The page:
Work in the observatorium of Taqi al-Din
Taqi al-Din Muhammad ibn Ma'ruf al-Shami al-Asadi (Arabic: تقي الدين محمد بن معروف الشامي, Modern Turkish: Takiyuddin or Taki) (1526–1585) was an Ottoman Turkish Muslim polymath: He was the author of more than ninety books on a wide variety of subjects, including astronomy, clocks, engineering, mathematics, mechanics, optics and natural philosophy. In 1574 the Ottoman Sultan Murād III invited Taqī al-Dīn to build an observatory in Istanbul. Using his exceptional knowledge in the mechanical arts, Taqī al-Dīn constructed instruments like huge armillary and mechanical clocks that he used in his observations of the comet of 1577. He also used European celestial and terrestrial globes that were delivered to Istanbul in gift-exchange. The major work that resulted his work in the observatory is titled The tree of ultimate knowledge [in the end of time or the world] in the Kingdom of the Revolving Spheres: The astronomical tables of the King of Kings [Murād III](Sidrat al-muntah al-afkar fi malkūt al-falak al-dawār– al-zij al-Shāhinshāhi). The work was prepared according to the results of the observations carried out in Egypt and Istanbul in order to correct and complete Ulugh Beg’s Zij al-Sultani. The first 40 pages of the work deal with calculations, followed by discussions of astronomical clocks, heavenly circles, and information about three eclipses which he observed at Cairo and Istanbul. For corroborating data of other observations of eclipses in other locale like Daud al-Riyyadi (David the Mathematician), David Ben-Shushan of Salonika. According to the Hapsburg ambassador, Salomon Schweigger a charlatan who deceived Sultan Murad III and had him spent enormous resources.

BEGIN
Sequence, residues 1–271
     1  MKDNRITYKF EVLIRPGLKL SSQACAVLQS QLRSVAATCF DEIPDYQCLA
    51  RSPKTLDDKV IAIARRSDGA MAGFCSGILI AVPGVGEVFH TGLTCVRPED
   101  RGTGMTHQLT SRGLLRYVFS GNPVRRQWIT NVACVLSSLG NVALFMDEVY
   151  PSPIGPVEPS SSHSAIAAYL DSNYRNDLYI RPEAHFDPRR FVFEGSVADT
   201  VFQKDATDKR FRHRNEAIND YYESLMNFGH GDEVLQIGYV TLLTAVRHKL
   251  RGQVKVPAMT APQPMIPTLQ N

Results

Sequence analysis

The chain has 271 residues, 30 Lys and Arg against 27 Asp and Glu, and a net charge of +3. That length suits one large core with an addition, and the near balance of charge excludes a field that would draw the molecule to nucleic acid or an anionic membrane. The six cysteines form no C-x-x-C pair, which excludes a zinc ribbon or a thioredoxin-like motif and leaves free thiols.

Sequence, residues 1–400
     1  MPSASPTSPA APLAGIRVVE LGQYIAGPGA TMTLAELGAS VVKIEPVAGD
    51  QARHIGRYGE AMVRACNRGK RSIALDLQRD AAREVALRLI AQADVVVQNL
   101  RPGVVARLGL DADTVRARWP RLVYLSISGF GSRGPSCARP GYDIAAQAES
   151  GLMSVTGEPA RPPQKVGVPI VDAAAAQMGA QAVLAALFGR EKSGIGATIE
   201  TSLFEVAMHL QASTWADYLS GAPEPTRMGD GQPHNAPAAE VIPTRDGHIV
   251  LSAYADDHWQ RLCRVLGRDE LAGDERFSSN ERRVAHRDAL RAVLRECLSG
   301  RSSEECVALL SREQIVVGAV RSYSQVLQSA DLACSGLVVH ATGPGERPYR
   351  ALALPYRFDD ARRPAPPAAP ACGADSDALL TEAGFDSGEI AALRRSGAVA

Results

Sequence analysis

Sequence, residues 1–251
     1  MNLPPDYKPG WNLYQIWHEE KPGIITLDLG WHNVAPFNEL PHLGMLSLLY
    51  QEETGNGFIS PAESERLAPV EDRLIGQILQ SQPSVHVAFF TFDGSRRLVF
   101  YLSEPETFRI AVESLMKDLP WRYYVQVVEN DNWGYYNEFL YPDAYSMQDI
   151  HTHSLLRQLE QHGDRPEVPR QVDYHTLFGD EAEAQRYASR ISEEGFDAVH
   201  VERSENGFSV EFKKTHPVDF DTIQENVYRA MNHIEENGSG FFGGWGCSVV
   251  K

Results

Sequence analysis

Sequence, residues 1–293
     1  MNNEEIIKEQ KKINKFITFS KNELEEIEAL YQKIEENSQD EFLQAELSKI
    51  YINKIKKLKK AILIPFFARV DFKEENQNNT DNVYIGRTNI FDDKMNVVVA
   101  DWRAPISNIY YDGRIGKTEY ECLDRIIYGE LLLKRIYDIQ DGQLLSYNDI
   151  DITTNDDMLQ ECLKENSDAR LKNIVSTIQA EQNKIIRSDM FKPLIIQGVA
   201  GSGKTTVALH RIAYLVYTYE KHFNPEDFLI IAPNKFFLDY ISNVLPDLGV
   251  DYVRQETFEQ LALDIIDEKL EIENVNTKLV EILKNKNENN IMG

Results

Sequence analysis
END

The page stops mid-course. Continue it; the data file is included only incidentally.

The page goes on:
Taqi al-Din's method of finding coordinates of stars was reportedly more precise than those of his contemporaries, Tycho Brahe and Nicolas Copernicus. Brahe is thought to have been aware of Taqi al-Din's work.
See also 
- ^ " Chief Astronomer Taqi al-Din was born to a family of Turkish descent in Damascus." Hoffmann, Dieter; İhsanoğlu, Ekmeleddin; Djebbar, Ahmed; Günergun, Feza. Science, technology, and industry in the Ottoman world in Volume 6 of Proceedings of the XXth International Congress of History of Science p. 19. Publisher Brepols, 2000. ISBN 2-503-51095-7
- ^ a b Ágoston, Gábor; Masters, Bruce Alan. Encyclopedia of the Ottoman Empire Infobase Publishing, 2009. p. 552 ISBN 0-8160-6259-5
- ^ Avner Ben-Zaken, "The Revolving Planets and the Revolving Clocks: Circulating Mechanical Objects in the Mediterranean", History of Science, xlix 2010. pp. 125-148.
Further reading 
- Ben-Zaken, Avner. "The Revolving Planets and the Revolving Clocks: Circulating Mechanical Objects in the Mediterranean", History of Science, xlix (2010), pp. 125-148.
- Ben-Zaken, Avner. Cross-Cultural Scientific Exchanges in the Eastern Mediterranean 1560-1660 (Johns Hopkins University Press, 2010), pp. 8-47.
- King, David A. "Taki al-Din". Encyclopaedia of Islam (2nd Ed.) 10: pp. 132–3.
- King, David A. (1986). A Survey of the Scientific manuscripts in the Egyptian National Library 5. Winona Lake, IN, USA: American Research Center in Egypt. pp. 171–2.
- Hassan, Ahmad Y (1976). Taqi al-Din and Arabic Mechanical Engineering. Institute for the History of Arabic Science, Aleppo University.
- Gautier, Antoine (December 2005). "L'âge d'or de l'astronomie ottomane". L'Astronomie 119.
External links